More suicide prevention funding could be available to school districts across the state if a bill pending in the Colorado Senate is approved.
State Rep. Barbara McLachlan, D-Durango, Sen. Don Coram, R-Montrose, and two other lawmakers are sponsoring HB 18-1416, which would create a new grant program to support suicide prevention programs. The measure was approved by the House in late April and will next be considered by the Senate Appropriations Committee.
La Plata County has one of the highest rates of teen suicide in the state, and several local groups are working on prevention efforts, including Durango School District 9-R, San Juan Basin Public Health and Communities Overcoming Depressed Youth (also known as The CODY Project).
In Montezuma County, no teen suicides have been reported this year, but Coroner George Deavers said suicides are on the rise. Seven were reported by April 5, compared with three by the same time in 2017. Victims’ ages varied widely, with one in the 20s, two in the 30s, two in the 50s, one in the 40s, one in the 60s and one in the 80s.
Cortez and Dolores schools have made suicide prevention a priority after the deaths of two juveniles in fall 2016. Montezuma-Cortez High School hosted a suicide prevention summit last fall, and Dolores Schools hired two social workers for the 2017-2018 school year to help address students’ mental health.
Health department spokeswoman Claire Ninde said additional state funding for suicide prevention would be welcome.
“Kids spend most of their waking time in school, and it is important that schools have the resources to support positive social-emotional development,” she said.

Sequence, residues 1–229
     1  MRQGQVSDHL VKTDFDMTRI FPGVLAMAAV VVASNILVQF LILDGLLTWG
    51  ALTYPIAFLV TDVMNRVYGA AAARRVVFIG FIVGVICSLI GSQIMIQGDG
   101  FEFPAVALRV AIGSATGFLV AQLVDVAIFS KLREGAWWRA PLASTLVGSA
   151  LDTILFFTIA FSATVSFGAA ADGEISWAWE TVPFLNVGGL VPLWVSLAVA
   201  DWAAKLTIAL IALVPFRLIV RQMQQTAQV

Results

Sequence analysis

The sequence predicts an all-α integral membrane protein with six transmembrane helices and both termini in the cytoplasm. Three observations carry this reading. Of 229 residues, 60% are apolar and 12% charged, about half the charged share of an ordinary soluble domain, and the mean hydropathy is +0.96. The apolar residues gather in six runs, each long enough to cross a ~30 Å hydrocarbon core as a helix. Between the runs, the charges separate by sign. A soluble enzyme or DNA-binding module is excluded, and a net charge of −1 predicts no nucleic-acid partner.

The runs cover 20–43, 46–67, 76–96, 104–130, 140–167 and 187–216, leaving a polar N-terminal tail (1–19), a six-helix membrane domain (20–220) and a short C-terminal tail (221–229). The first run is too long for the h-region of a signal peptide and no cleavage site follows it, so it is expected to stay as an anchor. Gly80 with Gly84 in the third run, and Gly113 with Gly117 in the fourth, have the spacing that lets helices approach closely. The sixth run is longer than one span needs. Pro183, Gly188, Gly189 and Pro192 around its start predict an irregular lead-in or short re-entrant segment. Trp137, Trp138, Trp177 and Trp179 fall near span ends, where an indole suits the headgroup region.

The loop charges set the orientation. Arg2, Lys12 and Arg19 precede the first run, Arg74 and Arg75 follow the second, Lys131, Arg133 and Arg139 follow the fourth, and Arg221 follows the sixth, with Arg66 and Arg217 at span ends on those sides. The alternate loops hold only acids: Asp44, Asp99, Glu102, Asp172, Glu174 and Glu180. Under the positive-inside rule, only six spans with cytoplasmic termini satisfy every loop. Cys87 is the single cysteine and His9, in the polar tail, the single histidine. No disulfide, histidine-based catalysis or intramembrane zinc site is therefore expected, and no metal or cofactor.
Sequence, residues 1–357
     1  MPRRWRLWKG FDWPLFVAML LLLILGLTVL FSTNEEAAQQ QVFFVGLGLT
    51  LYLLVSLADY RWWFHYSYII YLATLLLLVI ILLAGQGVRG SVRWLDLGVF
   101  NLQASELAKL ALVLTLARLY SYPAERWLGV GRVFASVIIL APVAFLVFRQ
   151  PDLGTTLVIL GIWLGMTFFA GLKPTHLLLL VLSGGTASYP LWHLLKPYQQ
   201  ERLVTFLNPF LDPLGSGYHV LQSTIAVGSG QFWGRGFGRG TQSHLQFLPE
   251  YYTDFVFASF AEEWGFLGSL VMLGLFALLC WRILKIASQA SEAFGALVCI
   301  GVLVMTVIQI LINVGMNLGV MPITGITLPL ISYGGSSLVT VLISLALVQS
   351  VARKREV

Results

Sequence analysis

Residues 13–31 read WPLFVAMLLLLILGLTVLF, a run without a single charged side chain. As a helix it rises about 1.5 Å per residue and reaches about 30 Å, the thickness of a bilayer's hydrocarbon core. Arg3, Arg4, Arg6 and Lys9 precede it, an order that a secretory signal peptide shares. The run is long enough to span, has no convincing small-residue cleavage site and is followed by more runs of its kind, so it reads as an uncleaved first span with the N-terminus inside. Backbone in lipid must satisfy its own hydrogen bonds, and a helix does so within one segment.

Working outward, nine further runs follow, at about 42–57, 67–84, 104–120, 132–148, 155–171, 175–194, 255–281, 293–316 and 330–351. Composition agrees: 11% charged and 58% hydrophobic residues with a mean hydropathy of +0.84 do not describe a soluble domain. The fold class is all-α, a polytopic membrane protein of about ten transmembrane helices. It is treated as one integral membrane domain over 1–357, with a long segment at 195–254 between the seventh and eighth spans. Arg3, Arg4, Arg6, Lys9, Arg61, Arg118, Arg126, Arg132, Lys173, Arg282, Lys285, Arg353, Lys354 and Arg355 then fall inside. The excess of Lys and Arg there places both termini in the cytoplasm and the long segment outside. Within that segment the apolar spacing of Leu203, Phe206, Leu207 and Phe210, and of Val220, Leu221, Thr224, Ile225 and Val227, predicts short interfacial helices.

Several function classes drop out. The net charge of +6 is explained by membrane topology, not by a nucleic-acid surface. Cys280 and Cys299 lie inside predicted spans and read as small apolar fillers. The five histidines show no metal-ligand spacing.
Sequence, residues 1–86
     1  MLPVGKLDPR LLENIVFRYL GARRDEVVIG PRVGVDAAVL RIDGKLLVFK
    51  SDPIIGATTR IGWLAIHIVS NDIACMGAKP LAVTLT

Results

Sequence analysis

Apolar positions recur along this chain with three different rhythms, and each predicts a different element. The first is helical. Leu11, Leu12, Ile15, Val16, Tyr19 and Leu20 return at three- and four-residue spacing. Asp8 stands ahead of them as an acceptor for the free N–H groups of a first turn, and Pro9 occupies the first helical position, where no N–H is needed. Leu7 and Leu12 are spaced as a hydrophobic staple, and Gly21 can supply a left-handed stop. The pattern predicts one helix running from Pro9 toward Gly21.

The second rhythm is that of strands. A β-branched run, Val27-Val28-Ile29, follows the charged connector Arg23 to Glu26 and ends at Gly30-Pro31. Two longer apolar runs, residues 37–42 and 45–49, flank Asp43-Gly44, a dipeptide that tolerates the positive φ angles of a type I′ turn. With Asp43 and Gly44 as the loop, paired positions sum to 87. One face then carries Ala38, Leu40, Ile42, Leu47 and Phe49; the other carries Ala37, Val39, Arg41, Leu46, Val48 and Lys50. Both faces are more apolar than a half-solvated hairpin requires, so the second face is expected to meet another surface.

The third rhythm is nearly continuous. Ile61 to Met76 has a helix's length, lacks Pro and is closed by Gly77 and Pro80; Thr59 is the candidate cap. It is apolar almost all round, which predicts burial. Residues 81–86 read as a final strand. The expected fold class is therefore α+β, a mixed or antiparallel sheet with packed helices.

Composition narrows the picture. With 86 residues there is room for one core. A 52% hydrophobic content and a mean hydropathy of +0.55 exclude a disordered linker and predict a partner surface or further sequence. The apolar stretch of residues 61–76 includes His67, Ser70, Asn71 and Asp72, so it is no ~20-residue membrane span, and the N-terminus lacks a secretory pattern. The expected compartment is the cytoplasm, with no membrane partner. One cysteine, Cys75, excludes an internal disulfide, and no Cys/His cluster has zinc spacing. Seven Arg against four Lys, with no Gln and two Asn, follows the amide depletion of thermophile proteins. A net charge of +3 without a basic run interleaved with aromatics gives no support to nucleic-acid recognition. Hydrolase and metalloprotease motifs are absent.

The bill would set aside $507,488 for the grant program in the 2018-19 fiscal year. Funding could come from the $35 million the state has already set aside to fund school safety initiatives, McLachlan said.
“We see this as part of school safety – to address suicidal tendencies and mental health issues,” she said.
She expects the bill will pass this session because it has received bipartisan backing.
If it passed, school districts could apply for grants between $5,000 to $10,000 for suicide prevention training, the draft bill states.
Districts would be required to train all staff who have contact with students on how to identify whether students or adults are at risk of suicide and how to refer them to treatment, the bill states.
The bill would also provide funding for students to learn resiliency, self awareness and problem-solving skills.
“What we’re advocating is that kids would be given life-skills training that would help them deal with things like peer pressure, bullying, sexting,” said Susan Marine, advocacy chair with Suicide Prevention Coalition of Colorado.
She would like to see more funding available to rural schools, because children who grow up in rural areas are twice as likely to die by suicide than their urban and suburban peers, she said.